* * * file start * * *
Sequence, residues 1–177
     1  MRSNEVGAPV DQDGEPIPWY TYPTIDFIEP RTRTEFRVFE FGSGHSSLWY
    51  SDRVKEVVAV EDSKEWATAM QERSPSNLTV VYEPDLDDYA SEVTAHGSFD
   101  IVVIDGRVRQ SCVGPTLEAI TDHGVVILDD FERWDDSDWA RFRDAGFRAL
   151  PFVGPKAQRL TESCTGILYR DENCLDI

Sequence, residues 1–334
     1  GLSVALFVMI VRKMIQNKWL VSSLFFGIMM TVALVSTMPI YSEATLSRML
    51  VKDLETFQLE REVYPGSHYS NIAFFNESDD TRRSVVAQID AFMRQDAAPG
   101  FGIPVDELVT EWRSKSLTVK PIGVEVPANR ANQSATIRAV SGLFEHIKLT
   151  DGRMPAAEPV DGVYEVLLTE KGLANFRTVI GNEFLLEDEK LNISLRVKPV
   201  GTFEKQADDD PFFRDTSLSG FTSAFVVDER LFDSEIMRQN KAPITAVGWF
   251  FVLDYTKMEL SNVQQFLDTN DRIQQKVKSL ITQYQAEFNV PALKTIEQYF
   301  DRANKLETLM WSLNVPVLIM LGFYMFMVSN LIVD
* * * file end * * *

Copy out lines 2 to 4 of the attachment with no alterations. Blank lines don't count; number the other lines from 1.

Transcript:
     1  MRSNEVGAPV DQDGEPIPWY TYPTIDFIEP RTRTEFRVFE FGSGHSSLWY
    51  SDRVKEVVAV EDSKEWATAM QERSPSNLTV VYEPDLDDYA SEVTAHGSFD
   101  IVVIDGRVRQ SCVGPTLEAI TDHGVVILDD FERWDDSDWA RFRDAGFRAL